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NASA'S Neowise Completes Scan For Asteroids & Comets

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      NASA Press Release
      February 2, 2011



      WASHINGTON - NASA's NEOWISE mission has completed its survey of small
      bodies, asteroids and comets, in our solar system. The mission's discoveries
      of previously unknown objects include 20 comets, more than 33,000 asteroids
      in the main belt between Mars and Jupiter, and 134 near-Earth objects
      (NEOs). The NEOs are asteroids and comets with orbits that come within 28
      million miles of Earth's path around the sun.

      NEOWISE is an enhancement of the Wide-field Infrared Survey Explorer, or
      WISE, mission that launched in December 2009. WISE scanned the entire
      celestial sky in infrared light about 1.5 times. It captured more than 2.7
      million images of objects in space, ranging from faraway galaxies to
      asteroids and comets close to Earth.

      In early October 2010, after completing its prime science mission, the
      spacecraft ran out of frozen coolant that keeps its instrumentation cold.
      However, two of its four infrared cameras remained operational. These two
      channels were still useful for asteroid hunting, so NASA extended the
      NEOWISE portion of the WISE mission by four months, with the primary purpose
      of hunting for more asteroids and comets, and to finish one complete scan of
      the main asteroid belt.

      ³Even just one year of observations from the NEOWISE project has
      significantly increased our catalog of data on NEOs and the other small
      bodies of the solar systems,² said Lindley Johnson, NASA¹s program executive
      for the NEO Observation Program.
      Now that NEOWISE has successfully completed a full sweep of the main
      asteroid belt, the WISE spacecraft will go into hibernation mode and remain
      in polar orbit around the Earth, where it could be called back into service
      in the future.

      In addition to discovering new asteroids and comets, NEOWISE also confirmed
      the presence of objects in the main belt that already had been detected. In
      just one year, it observed about 153,000 rocky bodies out of approximately
      500,000 known objects. Those include the 33,000 that NEOWISE discovered.

      NEOWISE also observed known objects closer and farther to us than the main
      belt, including roughly 2,000 asteroids that orbit along with Jupiter,
      hundreds of NEOs and more than 100 comets.

      These observations will be key to determining the objects' sizes and
      compositions. Visible-light data alone reveals how much sunlight reflects
      off an asteroid, whereas infrared data is much more directly related to the
      object's size. By combining visible and infrared measurements, astronomers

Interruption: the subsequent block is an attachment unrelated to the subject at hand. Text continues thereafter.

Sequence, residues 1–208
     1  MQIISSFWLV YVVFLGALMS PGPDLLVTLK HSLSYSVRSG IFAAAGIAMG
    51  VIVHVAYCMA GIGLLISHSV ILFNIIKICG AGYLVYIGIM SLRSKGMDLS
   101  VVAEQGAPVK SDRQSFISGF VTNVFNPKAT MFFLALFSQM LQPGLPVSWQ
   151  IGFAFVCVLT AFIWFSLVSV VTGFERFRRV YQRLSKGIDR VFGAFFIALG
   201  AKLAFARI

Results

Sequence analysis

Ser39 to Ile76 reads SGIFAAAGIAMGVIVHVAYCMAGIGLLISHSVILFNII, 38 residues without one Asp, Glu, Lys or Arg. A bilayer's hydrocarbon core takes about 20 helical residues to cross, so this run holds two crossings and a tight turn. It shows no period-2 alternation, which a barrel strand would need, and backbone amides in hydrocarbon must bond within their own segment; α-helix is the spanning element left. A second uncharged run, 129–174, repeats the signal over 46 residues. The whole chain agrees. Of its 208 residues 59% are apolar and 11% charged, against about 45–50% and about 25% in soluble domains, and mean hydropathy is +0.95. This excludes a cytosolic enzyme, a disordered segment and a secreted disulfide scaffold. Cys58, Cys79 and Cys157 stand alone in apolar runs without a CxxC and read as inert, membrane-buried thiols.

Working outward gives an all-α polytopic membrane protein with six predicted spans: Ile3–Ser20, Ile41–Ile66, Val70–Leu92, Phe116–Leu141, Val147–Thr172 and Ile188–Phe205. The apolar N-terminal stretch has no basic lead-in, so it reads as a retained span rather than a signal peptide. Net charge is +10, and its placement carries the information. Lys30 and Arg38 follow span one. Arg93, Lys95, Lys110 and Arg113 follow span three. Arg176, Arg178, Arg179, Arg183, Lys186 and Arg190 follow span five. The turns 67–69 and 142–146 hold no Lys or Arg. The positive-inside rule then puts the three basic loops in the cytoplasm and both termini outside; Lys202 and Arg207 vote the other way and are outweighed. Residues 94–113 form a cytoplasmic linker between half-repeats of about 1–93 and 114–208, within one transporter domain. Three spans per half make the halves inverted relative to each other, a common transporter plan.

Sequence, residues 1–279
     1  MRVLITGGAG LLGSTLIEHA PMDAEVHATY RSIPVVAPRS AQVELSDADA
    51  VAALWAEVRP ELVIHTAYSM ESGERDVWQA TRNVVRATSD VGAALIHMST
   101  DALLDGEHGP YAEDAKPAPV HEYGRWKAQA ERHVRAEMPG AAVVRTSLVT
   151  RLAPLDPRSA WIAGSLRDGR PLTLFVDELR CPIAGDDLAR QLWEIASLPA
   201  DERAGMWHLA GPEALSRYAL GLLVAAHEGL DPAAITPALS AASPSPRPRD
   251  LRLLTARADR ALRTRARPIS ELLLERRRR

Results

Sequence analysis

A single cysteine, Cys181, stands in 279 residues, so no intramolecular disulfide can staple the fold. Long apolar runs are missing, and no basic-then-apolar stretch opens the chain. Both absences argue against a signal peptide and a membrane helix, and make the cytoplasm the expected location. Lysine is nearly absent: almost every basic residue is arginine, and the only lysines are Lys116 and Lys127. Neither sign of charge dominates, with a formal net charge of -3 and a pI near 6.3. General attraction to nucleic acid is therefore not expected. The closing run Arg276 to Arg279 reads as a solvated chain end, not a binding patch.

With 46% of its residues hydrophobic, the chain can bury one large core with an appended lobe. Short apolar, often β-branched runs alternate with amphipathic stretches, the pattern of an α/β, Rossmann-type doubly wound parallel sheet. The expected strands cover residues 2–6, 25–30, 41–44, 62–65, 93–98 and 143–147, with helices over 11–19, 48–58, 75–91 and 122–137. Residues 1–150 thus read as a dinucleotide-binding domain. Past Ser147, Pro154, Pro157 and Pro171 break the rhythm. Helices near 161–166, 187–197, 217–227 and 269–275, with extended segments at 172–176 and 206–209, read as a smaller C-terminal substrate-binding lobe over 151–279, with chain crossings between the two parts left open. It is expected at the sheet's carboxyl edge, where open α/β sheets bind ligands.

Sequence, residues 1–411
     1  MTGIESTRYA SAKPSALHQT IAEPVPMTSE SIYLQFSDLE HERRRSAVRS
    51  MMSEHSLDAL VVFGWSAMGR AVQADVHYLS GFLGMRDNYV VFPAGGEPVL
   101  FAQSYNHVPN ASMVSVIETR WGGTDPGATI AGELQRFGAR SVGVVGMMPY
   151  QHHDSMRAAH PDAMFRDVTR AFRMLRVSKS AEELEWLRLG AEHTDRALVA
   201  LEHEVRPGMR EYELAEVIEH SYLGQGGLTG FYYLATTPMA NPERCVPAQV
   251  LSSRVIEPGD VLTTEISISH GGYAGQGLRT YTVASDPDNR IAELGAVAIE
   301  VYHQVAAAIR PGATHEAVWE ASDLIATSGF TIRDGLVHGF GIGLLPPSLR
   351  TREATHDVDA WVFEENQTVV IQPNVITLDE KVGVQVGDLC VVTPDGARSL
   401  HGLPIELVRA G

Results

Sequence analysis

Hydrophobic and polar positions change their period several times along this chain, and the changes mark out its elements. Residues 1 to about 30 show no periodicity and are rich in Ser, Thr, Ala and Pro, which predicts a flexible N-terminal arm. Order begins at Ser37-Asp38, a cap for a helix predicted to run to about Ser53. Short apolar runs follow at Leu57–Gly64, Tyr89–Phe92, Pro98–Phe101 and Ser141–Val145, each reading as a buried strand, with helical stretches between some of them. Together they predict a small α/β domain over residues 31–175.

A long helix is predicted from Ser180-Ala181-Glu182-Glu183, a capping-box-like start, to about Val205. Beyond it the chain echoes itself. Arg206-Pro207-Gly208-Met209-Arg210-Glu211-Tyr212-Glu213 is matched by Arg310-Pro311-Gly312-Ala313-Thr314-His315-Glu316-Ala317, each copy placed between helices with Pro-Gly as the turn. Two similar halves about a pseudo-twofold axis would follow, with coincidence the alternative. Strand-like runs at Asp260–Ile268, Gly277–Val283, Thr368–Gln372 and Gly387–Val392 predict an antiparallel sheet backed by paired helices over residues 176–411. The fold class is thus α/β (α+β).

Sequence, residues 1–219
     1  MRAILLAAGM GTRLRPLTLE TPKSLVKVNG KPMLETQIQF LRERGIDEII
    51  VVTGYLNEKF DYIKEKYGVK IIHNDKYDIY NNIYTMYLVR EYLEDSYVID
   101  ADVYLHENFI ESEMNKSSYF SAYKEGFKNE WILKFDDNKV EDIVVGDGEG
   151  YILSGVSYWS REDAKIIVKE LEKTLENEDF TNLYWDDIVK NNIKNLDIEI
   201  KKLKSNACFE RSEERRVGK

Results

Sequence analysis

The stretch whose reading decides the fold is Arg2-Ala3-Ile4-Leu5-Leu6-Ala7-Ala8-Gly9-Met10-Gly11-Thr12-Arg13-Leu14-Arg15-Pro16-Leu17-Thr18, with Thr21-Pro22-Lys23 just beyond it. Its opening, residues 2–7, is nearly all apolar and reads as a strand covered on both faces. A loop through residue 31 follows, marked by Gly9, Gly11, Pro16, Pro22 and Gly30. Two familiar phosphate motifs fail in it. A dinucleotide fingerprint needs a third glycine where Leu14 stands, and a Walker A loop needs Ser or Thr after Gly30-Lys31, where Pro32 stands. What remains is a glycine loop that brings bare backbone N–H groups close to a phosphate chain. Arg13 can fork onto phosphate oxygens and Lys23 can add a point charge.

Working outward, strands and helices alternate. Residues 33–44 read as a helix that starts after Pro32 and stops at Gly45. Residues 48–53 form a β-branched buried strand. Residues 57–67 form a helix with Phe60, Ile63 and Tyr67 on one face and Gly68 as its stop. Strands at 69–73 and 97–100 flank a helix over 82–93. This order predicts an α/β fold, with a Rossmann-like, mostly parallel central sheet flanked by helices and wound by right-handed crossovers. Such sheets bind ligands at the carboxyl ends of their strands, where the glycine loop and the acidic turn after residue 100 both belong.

also can learn about the compositions of the rocky bodies -- for example,
      whether they are solid or crumbly. The findings will lead to a much-improved
      picture of the various asteroid populations.

      NEOWISE took longer to survey the whole asteroid belt than WISE took to scan
      the entire sky because most of the asteroids are moving in the same
      direction around the sun as the spacecraft moves while it orbits the Earth.
      The spacecraft field of view had to catch up to, and lap, the movement of
      the asteroids in order to see them all.

      "You can think of Earth and the asteroids as racehorses moving along in a
      track," said Amy Mainzer, the principal investigator of NEOWISE at NASA's
      Jet Propulsion Laboratory in Pasadena, Calif. "We're moving along together
      around the sun, but the main belt asteroids are like horses on the outer
      part of the track. They take longer to orbit than us, so we eventually lap

      NEOWISE data on the asteroid and comet orbits are catalogued at the
      NASA-funded International Astronomical Union's Minor Planet Center, a
      clearinghouse for information about all solar system bodies at the
      Smithsonian Astrophysical Observatory in Cambridge, Mass. The science team
      is analyzing the infrared observations now and will publish new findings in
      the coming months.

      When combined with WISE observations, NEOWISE data will aid in the discovery
      of the closest dim stars, called brown dwarfs. These observations have the
      potential to reveal a brown dwarf even closer to us than our closest known
      star, Proxima Centauri, if such an object does exist. Likewise, if there is
      a hidden gas-giant planet in the outer reaches of our solar system, data
      from WISE and NEO-WISE could detect it.

      The first batch of observations from the WISE mission will be available to
      the public and astronomical community in April.
      "WISE has unearthed a mother lode of amazing sources, and we're having a
      great time figuring out their nature," said Edward (Ned) Wright, the
      principal investigator of WISE at UCLA.

      JPL manages WISE for NASA's Science Mission Directorate at the agency's
      headquarters in Washington. The mission was competitively selected under
      NASA's Explorers Program, which NASA's Goddard Space Flight Center in
      Greenbelt, Md., manages. The Space Dynamics Laboratory in Logan, Utah, built
      the science instrument, and Ball Aerospace & Technologies Corp. of Boulder,
      Colo., built the spacecraft. Science operations and data processing take
      place at the Infrared Processing and Analysis Center at the California
      Institute of Technology in Pasadena. JPL manages NEOWISE for NASA's
      Planetary Sciences Division. The mission's data processing also takes place
      at the Infrared Processing and Analysis Center.

      For more information about WISE, visit:



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